The storage device 115 includes a workload manager 126, a self-tuning program 128, and service classes 132. The workload manager 126 monitors the performance of work in the service classes 132 and requests the self-tuning programs to tune themselves, so that the service classes 132 can meet their performance goals. In an embodiment, the workload manager 126 includes instructions capable of executing on the processor 110 or statements capable of being interpreted by instructions executing on the processor 110 to carry out the functions as further described below with reference to FIGS. 4-6. In another embodiment, the workload manager 126 may be implemented either partially or completely in hardware via logic gates and/or other appropriate hardware techniques in lieu of or in addition to a processor-based system.

The self-tuning program 128 may be any software or computer program capable of tuning itself to increase and/or decrease its performance. In an embodiment, the self-tuning program tunes a resource 130 associated with the self-tuning program 128 to affect the performance of the self-tuning program 128. Although only one self-tuning program 128 is illustrated, in other embodiments any number of self-tuning programs may be present. In an embodiment, the self-tuning program 128 is an application provided by a user or a vendor. In another embodiment, the self-tuning program 128 is part of the operating system of the electronic device 102. In another embodiment, the self-tuning program 128 may have any appropriate origin. In an embodiment, the self-tuning program 128 includes instructions capable of executing on the processor 110 or statements capable of being interpreted by instructions executing on the processor 110 to carry out the functions as further described below with reference to FIGS. 3 and 7. In another embodiment, the self-tuning program 128 may be implemented either partially or completely in hardware via logic gates and/or other appropriate hardware techniques.

In various embodiments the resource 130 may be a thread-pool size, a number of database connections, a number of network connections, network parameters, an internal buffer or cache size, or any combination thereof, but in other embodiments any appropriate resource capable of being tuned or adjusted to affect the performance of the self-tuning program 128 may be used. Although only one resource 130 is illustrated, in other embodiments any number of resources may be present. Although the resource 130 is illustrated as being included within the self-tuning program 128, in other embodiments the resource 130 may be external to the self-tuning program 128. For example, the resource 130 may be a global resource, such as a processor, memory, or any other resource that may be allocated among different programs.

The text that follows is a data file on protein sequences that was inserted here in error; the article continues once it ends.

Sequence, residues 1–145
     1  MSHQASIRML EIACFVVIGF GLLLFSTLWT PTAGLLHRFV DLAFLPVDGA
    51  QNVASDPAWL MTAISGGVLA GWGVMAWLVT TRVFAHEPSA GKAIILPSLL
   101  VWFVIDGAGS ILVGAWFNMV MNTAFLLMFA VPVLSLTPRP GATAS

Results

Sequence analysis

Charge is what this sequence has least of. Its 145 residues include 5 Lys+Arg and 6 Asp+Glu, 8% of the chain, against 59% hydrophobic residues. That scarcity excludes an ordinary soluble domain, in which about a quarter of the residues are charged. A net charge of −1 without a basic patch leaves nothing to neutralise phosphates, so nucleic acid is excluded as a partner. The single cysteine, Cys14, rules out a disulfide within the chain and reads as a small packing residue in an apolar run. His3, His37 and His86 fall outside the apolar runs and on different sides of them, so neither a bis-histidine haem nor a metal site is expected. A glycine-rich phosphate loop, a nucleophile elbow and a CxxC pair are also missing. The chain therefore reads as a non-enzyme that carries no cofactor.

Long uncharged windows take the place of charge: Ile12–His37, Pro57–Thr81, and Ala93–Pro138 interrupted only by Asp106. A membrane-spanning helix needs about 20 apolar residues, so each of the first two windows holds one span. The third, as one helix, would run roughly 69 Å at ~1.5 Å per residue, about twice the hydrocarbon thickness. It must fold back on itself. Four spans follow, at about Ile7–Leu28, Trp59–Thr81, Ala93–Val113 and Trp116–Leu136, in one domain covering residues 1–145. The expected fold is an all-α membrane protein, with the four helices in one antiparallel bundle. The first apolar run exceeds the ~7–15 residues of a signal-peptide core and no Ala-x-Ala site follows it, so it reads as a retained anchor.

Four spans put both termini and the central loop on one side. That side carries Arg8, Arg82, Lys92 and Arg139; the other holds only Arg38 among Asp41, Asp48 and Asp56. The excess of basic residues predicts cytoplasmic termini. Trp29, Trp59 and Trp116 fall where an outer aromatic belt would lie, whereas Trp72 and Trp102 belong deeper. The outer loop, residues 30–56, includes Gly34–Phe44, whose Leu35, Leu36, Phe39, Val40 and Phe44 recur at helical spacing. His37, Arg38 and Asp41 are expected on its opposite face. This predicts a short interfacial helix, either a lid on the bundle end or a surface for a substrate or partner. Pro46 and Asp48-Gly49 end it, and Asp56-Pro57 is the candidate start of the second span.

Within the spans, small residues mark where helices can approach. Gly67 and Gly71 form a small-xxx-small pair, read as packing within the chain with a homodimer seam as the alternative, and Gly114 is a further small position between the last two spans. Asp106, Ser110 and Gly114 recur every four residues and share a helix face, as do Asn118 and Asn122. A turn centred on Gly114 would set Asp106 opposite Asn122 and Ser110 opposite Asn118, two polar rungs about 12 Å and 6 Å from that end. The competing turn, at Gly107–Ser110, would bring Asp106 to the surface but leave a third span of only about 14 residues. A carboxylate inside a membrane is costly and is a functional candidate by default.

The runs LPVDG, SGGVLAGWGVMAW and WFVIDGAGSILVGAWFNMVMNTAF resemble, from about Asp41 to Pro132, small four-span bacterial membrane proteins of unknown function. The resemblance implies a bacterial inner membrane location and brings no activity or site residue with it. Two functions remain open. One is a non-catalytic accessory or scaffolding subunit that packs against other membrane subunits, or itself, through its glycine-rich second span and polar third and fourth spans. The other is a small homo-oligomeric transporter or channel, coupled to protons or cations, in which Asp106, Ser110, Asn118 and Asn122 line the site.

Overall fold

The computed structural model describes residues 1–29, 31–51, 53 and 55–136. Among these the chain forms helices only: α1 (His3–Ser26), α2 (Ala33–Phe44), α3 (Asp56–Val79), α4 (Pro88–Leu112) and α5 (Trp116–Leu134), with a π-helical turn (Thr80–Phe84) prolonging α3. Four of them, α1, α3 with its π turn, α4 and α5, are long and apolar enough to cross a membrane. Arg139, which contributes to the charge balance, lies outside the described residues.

Although the workload manager 126 and the self-tuning program 128 are both illustrated as being contained within the storage device 115 in the electronic device 102, in other embodiments they may be on different storage devices and/or on different electronic devices and may be accessed remotely, e.g., via the network 105. For example, in an embodiment the workload manager 126 is on one electronic device and multiple self-tuning programs 128 are distributed across other electronic devices connected via the network 105. In this way, in an embodiment the workload manager 126 may performance tune a distributed system.

The service classes 132 categorize transactions issued by or associated with the self-tuning program 128 into classes. The transactions may be units of work whose performance is capable of being measured. In various embodiments, the transactions may be database operations (e.g. a database read or update), network requests, or any other appropriate unit of work. The service classes 132 may have associated priorities and/or performance goals. The priority and performance goals may be aggregate for the entire class or individual for transactions within the class. The priority of a service class 132 is with respect to the priority of other service classes and in various embodiments may reflect the order in which the transactions within the service class are performed or the relative amount or timing of resources allocated to the transactions in the service class 132. The service classes 132 may have any number of priorities, which may be expressed as a range of numbers, as low-medium-high, or via any other appropriate technique.

In various embodiments the performance goal may be expressed in terms of a desired response time for a transaction or a group of transactions, a desired rate of speed, or any other appropriate expression of the performance goal. The relationship of the self-tuning programs 128, the transactions, and the service classes 132 is further described below with reference to FIG. 2.

In an embodiment, the workload manager 126 or other program categorizes transactions from the self-tuning program 128 into the service classes 132. In another embodiment, the self-tuning program 128 categorizes its transactions into the service classes 132. In another embodiment, a user, system administrator, or other human determines how transactions are assigned to the service classes 132.

The input device 120 may be a keyboard, mouse or other pointing device, trackball, touchpad, touchscreen, keypad, microphone, voice recognition device, or any other appropriate mechanism for the user to input data to the electronic device 102 and/or to manipulate the user interfaces of the electronic device 102. Although only one input device 120 is shown, in another embodiment any number (including zero) and type of input devices may be present.